What's happening in Ukraine?

It has been more than three years since Ukrainians gathered at Maidan Square in Kyiv on the night of Nov. 21, 2013, to demand closer integration with Europe and the resignation of President Viktor Yanukovych. As the protests spread and Yanukovych refused to sign the Association Agreement with the EU, a full-scale uprising forced him to flee and led to conflicts across the country that have since claimed the lives of more than 10,000 people. It also led to a de facto division of the country between a pro-European west and a pro-Russian east, as well as loss of Crimean Peninsula to Russia.

Though a cease-fire signed between the government and Russian-backed separatists on Feb. 11, 2015, has largely kept matters silent amid occasional flare ups, the recent outbreak of conflict in the town of Avdiivka, north of Donetsk, showed again that nothing is settled yet. The timing of the clashes, coinciding with U.S. President Donald Trump's first phone conversation with Russian President Vladimir Putin on Jan. 28, sparked further speculation as to what they talked about Ukraine and Crimea.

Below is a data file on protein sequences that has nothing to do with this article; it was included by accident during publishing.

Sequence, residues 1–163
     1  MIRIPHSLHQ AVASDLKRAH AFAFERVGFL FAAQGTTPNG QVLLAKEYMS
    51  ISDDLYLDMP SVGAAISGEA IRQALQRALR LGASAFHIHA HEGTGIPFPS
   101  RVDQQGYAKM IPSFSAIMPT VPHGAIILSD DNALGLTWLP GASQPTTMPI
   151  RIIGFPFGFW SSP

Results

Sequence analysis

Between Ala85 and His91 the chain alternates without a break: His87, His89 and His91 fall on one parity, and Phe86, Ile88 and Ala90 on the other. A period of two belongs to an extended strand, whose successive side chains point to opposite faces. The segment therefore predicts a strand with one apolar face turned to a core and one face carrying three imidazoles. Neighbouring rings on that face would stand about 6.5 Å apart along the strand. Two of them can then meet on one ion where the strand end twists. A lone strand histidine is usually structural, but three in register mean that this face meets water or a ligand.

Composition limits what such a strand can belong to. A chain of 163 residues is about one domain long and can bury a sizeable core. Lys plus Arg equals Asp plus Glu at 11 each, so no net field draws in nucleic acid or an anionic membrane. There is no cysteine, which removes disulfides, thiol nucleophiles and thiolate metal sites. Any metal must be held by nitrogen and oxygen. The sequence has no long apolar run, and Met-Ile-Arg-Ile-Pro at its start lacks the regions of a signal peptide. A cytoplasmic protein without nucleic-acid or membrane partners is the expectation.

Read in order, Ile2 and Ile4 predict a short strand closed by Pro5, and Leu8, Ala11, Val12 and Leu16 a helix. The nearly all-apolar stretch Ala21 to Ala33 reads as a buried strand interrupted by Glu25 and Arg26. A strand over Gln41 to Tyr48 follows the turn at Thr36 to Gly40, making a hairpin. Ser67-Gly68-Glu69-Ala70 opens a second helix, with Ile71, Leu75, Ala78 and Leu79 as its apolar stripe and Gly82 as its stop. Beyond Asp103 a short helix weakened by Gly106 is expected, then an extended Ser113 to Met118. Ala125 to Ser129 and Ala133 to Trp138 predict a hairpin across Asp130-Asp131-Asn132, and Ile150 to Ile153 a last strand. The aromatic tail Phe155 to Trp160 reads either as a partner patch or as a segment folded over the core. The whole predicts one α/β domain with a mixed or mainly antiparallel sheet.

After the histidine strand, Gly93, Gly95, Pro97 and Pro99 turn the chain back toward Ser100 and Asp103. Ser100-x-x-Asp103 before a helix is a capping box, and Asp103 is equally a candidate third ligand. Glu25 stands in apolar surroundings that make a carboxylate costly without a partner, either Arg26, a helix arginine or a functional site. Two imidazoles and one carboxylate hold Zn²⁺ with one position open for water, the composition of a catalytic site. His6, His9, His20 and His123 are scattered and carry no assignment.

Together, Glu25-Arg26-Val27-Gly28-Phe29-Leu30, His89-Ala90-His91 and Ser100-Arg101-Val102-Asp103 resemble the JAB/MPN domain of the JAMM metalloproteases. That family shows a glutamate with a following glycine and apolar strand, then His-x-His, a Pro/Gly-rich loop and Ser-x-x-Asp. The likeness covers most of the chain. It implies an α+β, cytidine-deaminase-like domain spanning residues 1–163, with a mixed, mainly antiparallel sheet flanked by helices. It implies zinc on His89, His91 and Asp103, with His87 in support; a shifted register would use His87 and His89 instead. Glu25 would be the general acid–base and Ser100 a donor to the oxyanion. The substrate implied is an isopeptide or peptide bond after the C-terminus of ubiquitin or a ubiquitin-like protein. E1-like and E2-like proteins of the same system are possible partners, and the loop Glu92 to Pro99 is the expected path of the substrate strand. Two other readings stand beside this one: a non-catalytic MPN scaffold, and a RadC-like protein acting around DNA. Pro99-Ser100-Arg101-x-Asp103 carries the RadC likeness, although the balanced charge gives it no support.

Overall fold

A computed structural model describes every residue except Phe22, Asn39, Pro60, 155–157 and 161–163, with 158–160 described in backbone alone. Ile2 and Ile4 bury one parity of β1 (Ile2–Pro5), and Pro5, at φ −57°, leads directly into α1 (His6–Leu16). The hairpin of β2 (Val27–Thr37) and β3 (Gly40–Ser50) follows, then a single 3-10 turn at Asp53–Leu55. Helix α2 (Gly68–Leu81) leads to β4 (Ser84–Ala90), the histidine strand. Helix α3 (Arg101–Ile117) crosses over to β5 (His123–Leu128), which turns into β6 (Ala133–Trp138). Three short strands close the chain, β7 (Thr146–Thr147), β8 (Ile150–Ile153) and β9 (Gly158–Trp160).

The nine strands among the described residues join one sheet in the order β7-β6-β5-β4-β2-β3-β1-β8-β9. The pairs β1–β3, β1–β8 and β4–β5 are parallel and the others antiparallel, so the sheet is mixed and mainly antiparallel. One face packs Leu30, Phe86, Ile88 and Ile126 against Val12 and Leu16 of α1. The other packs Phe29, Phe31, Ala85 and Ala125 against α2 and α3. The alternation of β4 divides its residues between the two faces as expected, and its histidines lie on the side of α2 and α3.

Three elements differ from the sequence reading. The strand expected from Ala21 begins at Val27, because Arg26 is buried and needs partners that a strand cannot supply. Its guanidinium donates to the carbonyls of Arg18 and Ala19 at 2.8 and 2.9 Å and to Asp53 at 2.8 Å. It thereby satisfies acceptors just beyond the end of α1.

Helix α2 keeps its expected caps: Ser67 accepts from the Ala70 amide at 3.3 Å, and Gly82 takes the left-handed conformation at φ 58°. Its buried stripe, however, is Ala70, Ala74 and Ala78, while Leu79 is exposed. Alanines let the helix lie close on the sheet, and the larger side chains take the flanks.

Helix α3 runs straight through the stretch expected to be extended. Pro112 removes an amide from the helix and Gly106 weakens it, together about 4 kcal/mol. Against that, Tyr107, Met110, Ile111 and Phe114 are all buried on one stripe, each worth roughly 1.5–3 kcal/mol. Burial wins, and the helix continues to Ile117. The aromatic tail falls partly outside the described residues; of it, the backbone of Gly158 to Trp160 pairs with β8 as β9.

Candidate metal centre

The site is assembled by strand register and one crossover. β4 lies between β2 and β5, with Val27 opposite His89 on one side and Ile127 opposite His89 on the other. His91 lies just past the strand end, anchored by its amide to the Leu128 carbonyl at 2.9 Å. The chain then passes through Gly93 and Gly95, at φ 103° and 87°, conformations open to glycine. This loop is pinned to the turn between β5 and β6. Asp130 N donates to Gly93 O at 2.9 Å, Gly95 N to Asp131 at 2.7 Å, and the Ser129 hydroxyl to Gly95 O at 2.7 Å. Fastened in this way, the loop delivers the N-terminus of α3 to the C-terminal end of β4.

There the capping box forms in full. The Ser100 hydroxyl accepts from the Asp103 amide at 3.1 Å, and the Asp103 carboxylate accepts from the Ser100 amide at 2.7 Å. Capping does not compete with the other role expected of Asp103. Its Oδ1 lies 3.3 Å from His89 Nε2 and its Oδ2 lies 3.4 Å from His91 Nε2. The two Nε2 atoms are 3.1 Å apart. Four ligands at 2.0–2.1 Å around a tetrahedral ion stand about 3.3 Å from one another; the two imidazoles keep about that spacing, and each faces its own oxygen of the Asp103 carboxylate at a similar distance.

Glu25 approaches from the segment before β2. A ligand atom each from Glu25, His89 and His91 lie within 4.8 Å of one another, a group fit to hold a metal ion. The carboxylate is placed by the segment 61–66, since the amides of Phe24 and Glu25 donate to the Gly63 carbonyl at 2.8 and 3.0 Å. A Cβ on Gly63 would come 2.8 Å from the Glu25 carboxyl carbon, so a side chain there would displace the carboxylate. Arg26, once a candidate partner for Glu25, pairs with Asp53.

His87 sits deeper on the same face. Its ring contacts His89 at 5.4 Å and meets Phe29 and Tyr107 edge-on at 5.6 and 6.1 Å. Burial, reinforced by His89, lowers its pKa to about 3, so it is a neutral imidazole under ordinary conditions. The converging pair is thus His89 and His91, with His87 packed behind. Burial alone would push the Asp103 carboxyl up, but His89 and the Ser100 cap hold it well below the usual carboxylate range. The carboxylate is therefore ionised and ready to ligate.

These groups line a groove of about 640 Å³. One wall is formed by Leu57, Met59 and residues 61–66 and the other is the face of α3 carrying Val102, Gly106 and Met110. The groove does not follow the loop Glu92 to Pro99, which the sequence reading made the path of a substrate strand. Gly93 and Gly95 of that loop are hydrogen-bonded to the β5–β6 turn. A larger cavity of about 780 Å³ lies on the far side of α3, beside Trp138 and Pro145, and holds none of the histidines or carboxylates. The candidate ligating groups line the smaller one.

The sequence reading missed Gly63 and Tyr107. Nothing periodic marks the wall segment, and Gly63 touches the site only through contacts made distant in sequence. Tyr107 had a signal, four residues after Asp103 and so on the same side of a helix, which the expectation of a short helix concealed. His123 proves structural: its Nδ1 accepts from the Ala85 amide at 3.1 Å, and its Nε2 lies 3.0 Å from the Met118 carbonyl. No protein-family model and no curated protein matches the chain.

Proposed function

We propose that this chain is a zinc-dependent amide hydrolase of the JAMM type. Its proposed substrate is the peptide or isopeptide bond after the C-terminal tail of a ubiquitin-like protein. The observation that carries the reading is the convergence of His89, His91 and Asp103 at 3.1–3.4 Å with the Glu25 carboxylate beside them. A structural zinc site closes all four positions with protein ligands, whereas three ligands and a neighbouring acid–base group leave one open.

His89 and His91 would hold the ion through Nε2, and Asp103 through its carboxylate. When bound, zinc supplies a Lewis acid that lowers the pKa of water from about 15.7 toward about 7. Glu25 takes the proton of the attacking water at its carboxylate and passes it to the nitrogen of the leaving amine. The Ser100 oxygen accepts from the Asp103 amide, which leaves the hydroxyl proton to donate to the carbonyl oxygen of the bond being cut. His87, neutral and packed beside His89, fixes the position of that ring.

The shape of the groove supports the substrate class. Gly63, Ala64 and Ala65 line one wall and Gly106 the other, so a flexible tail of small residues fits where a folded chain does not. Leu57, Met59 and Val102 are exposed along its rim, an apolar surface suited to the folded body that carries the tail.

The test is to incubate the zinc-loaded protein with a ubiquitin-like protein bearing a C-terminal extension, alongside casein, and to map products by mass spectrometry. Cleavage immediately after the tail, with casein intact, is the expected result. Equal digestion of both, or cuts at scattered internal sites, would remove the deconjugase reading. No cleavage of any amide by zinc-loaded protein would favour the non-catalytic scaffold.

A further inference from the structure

While the Ukrainian government blamed Russia for the offensive in Avdiivka, which is the bloodiest escalation since the cease-fire came into force and resulted in the deaths of at least 35 dead, Russia predictably accused the government of seeking to advance into the region under rebel control. The reality, as usual, is somewhere in between: The Organization for Security and Co-operation in Europe (OSCE) Special Monitoring Mission to Ukraine announced that both Ukraine and Russia had stepped up their military build-up in the region on the eve of the clashes.

Devoid of strong and present support from the West, particularly the United States, Ukraine does not have the...

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